As an avid user, I occasionally skip fares, fail to tap out, unleash my rage on bus drivers and talk loudly on the telephone whilst on the train. I feel that these aspects alone render me eligible for the vote, but the UK democratic system does not. Whatever, I’m over it.

The system used to elect Mayors in the UK is a first choice second choice basis. My first choice? Well this year, old Ken Livingstone. I’m surprised as much as you are, but hear me out on this one.

It’s a pretty well known fact that the strength of Mr Livingstone’s campaign is based on the fact that he is promising fairer train fares [hilarious pun], and that’d be great if he delivered, but it’s not all about what he’s promising. In a recent study of the people of Britain, it was revealed that the least trusted individuals by profession are politicians, followed a close second by estate agents. So with this in mind, we take their manifesto promises with a pinch of salt and hope for the best.

What you must realise here is my hop from backing BoJo to K-Stone isn’t a politically based notion. I haven’t suddenly leapt on the Labour bandwagon. I could probably still be put in a box with other safe-seat constituency Conservative backers, all singing, all slating ethnic minorities with a nice degree and a four by four to show for it, don’t you worry. It’s not even about the fact that he’s promising that he’ll knock down my Oyster card bills, it’s about what voting for someone who isn’t Boris. Yeah, gotta love the blonde haired ragamuffin, but this is about accountability.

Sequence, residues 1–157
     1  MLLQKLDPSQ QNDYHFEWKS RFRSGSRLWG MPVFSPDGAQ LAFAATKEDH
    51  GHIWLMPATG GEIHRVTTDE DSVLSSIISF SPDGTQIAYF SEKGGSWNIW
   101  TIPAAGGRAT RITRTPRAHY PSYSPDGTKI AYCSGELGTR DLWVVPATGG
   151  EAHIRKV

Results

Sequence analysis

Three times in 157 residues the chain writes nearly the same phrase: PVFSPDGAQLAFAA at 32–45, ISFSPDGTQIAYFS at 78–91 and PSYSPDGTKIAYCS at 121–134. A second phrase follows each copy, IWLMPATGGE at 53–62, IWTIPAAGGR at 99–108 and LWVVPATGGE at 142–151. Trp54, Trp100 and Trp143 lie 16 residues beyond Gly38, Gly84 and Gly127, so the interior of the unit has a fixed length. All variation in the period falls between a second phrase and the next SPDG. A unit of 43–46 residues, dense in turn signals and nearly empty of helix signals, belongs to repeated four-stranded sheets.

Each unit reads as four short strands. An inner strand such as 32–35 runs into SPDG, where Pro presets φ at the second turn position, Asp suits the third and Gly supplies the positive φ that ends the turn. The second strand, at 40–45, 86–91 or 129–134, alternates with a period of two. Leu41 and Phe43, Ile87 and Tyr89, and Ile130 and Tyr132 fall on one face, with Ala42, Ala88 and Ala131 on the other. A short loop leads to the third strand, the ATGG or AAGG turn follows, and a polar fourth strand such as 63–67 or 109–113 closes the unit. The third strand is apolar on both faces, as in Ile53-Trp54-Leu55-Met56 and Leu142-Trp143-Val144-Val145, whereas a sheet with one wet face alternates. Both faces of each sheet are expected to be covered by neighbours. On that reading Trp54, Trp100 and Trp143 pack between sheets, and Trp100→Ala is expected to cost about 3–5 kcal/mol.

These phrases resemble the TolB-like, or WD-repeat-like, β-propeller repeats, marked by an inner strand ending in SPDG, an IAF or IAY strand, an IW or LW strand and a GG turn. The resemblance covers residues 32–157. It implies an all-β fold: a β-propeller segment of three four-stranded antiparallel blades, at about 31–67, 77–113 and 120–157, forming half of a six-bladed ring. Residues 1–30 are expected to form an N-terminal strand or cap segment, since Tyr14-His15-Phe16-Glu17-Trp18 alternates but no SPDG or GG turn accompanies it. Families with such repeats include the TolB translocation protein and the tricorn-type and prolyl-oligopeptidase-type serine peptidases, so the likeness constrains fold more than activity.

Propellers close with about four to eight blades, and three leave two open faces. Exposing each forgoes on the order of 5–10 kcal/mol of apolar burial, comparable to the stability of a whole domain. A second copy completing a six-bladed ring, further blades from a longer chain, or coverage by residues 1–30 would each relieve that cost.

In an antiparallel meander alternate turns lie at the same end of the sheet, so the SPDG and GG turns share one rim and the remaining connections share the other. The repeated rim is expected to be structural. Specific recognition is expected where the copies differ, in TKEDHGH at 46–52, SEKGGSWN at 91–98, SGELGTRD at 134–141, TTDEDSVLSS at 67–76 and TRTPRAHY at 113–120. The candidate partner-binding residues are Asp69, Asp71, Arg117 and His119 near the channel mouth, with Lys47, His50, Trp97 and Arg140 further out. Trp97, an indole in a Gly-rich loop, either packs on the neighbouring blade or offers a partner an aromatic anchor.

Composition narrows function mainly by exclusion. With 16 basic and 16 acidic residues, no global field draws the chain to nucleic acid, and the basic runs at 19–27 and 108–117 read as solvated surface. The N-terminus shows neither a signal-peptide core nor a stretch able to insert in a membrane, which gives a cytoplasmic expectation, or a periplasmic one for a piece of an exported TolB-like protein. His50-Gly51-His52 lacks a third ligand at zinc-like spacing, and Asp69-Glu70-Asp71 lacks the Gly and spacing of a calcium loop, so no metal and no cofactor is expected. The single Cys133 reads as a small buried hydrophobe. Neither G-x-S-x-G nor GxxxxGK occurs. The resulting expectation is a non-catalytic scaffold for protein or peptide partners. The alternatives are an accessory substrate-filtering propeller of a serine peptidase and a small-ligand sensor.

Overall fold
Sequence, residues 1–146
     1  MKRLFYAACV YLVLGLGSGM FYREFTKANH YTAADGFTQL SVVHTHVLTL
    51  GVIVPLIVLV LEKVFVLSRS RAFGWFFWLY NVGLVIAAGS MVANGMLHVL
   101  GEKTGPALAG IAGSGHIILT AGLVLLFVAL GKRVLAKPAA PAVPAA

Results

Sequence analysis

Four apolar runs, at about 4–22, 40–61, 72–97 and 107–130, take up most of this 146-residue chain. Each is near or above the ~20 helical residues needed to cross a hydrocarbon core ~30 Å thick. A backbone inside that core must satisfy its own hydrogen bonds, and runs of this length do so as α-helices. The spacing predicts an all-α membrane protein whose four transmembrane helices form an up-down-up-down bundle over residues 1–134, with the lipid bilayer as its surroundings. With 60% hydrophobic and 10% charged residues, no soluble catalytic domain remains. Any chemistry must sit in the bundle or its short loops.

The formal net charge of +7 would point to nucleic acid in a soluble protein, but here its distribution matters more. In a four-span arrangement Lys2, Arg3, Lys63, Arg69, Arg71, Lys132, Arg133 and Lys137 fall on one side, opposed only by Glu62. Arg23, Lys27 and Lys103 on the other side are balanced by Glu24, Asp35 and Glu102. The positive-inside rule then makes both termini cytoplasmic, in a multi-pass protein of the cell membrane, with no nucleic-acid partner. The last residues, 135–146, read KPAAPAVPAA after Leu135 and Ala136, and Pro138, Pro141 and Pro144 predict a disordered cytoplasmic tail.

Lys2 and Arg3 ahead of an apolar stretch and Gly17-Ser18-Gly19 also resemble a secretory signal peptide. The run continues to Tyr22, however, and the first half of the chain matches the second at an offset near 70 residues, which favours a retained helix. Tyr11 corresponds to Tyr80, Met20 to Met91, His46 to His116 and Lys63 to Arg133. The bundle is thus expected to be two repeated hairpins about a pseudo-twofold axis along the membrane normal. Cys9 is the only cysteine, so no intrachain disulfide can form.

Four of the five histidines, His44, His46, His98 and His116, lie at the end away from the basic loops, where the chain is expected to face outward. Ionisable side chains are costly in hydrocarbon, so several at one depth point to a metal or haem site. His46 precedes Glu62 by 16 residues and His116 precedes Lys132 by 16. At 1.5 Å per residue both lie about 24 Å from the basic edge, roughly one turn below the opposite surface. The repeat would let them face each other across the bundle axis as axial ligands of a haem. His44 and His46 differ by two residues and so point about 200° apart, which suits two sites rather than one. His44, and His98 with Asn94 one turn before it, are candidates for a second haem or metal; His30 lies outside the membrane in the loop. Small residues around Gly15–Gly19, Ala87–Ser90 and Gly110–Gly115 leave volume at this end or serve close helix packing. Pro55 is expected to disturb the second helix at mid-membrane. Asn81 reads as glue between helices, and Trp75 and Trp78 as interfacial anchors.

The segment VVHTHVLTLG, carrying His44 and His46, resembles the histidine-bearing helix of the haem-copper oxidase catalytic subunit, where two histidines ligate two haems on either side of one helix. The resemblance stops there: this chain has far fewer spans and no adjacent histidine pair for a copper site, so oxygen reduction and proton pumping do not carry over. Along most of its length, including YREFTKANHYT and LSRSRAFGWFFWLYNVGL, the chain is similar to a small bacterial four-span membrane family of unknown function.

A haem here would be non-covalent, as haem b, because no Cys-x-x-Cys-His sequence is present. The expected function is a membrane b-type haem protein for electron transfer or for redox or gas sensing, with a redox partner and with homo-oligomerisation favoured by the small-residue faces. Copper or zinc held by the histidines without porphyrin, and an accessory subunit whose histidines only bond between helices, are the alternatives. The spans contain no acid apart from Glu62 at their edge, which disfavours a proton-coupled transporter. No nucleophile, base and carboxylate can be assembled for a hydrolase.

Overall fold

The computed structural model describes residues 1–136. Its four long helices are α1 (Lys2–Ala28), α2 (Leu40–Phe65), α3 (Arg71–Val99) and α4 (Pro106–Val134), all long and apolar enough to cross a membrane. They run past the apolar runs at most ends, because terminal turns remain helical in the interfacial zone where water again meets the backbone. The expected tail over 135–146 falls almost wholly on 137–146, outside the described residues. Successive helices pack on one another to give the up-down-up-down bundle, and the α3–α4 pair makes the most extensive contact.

What I’m saying is that if I did have the vote, I’d vote for someone who hasn’t put the price of a child travel card from zone six from £2 to nearer a fiver. Thus holding the muppet to account.

Yearbook Entry

“We cut out girls’ pictures from the yearbook, and then we wrote comments”

If you are here to do that, then by all means, go ahead. I have provided a photograph of myself, so if it facilitates the content of a burn book I am glad to have assisted you.

If not, then you can laugh inwardly about the Mean Girls quote. I suppose that is what a yearbook is all about really. Listing textual exerts from authors without citation, then reading them back years later and finding them vaguely amusing.

With no useful hints from Google on what to fuel one’s yearbook entry, I suppose I am on my own here. I tried to turn to film and television for advice on such matters, but it seems that high school movies tell of an American setup, which is a little different to what we are dealing with here. In the Land of the Free you only have to jot a line or two underneath a photo of yourself, and this is seen as sufficient to represent four years of academia. In the Land of Hope and Glory you have to write up a whole page scribble to summarize the ‘happiest days of your life’.

I can tell with upmost certainty that a yearbook page does not traditionally consist of comparing cultures and education policies of our transatlantic cousins, but I fear that I have managed only to achieve this.